Culture, Travel & Sport

Ukrainian activists save unique modernist building from demolition

Young Ukrainian activists have managed to successfully halt the demolition of an iconic modernist building in central Kyiv, showcasing the effectiveness of direct action.

Visitors walking around in central Kyiv would likely have had a glimpse of the Kvity Ukrainy (Flowers of Ukraine) building, located on Sychovykh Striltsiv street.

Even in a city full of modernist gems (not least the UFO-shaped headquarters of the Institute of Scientific Research), the building stands out: while built in the distinctively modernist style, it was notable for its facade covered in grapevines and an atrium illuminated by large windows.

Completed in 1985 to the designs of Ukrainian architect Mykola Levchuk, the Kvity Ukrainy building was the headquarters of an eponymous institution which was dedicated to the study of flowers.

Levchuk won the ‘Building of the Year’ prize from the Soviet Union’s Architects’ Union for his creation.


In its heyday, the Kvity Ukrainy building hosted a flower shop (naturally), a research centre and a greenhouse. Art exhibitions were regularly held in its well-lit atrium and several rooms held regular classes and workshops in floristry, available for the general public.

Following Ukraine’s independence from the Soviet Union and the subsequent reduction of funding for such state institutions, the building’s owners began leasing spaces to small businesses. Recently, it was announced that real estate developers PrJSC Flowers of Ukraine had acquired the building and were planning to demolish it, resize it, and turn it into a shopping centre and co-working space.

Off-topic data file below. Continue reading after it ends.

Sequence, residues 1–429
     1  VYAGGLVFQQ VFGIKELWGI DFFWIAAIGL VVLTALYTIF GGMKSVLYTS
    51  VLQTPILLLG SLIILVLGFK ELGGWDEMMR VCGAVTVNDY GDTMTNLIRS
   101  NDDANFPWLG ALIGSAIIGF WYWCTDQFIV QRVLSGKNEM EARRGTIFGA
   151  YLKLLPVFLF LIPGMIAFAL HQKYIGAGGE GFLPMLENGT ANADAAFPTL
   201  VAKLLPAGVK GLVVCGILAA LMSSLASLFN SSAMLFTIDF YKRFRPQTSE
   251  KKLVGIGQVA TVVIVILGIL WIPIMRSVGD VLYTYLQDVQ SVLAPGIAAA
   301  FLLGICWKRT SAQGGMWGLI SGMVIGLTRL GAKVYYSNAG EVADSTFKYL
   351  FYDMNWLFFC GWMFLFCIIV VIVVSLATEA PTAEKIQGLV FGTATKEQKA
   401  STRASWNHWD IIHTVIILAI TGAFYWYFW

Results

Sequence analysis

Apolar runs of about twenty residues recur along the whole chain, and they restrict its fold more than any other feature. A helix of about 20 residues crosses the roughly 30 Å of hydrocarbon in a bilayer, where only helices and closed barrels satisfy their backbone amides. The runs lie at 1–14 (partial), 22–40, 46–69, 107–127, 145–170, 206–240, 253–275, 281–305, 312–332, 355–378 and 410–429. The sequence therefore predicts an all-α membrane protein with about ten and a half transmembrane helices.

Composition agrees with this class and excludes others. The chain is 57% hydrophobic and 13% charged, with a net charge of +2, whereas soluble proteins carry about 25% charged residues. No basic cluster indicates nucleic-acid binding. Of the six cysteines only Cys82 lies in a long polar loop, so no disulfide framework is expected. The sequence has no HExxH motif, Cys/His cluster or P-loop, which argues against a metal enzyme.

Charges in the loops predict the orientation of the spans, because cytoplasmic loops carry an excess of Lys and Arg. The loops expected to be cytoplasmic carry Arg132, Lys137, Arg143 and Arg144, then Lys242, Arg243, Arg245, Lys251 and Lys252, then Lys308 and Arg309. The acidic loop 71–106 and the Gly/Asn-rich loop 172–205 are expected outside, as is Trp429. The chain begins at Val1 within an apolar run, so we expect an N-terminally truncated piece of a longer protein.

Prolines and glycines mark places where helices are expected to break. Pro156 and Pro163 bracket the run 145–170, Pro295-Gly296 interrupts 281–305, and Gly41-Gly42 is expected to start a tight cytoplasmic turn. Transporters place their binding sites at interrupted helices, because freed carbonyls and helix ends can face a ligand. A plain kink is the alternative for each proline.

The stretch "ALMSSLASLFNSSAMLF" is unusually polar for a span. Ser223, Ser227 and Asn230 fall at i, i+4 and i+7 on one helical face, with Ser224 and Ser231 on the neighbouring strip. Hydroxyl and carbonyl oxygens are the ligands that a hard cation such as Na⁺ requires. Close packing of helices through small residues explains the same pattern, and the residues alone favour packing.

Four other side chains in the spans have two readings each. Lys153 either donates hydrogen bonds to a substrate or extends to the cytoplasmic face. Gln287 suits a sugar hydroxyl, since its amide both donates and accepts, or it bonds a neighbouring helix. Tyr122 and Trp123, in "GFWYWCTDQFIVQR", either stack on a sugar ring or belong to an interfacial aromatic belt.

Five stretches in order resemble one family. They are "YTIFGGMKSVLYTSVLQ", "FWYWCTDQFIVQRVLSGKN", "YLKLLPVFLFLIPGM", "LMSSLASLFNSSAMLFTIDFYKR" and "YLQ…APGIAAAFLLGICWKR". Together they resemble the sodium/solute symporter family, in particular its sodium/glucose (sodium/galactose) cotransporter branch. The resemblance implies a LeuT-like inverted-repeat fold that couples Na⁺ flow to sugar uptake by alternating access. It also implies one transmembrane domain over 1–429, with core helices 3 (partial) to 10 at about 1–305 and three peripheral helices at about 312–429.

The plans suggested that the developers were intending to replace the building with the type of glass monstrosity that has become unfortunately all too common in contemporary architecture.

On July 12, the developers began work. An urgent call was sent out throughout social media, mobilising people to come to the defence of this unique historical building.

In recent years a movement in Ukraine has emerged to counteract some of the de-Sovietisation projects undertaken by the Ukrainian government.

Countless buildings, monuments and mosaics have been removed or “refurbished” to the point of imperceptibility, to remove the associations with the past. Social media pages like Ukrainian Modernism and Save Kyiv Modernism began springing up, attracting tens of thousands of followers and revitalising interest in the unfairly maligned Soviet modernist style (known as SovMod).

These groups were at the forefront of efforts to conserve the Kvity Ukrainy building. Within hours of construction beginning, dozens of activists stormed the construction site and occupied what was left of the building.

They were too late, however, to save the atrium, which at that point had already been demolished.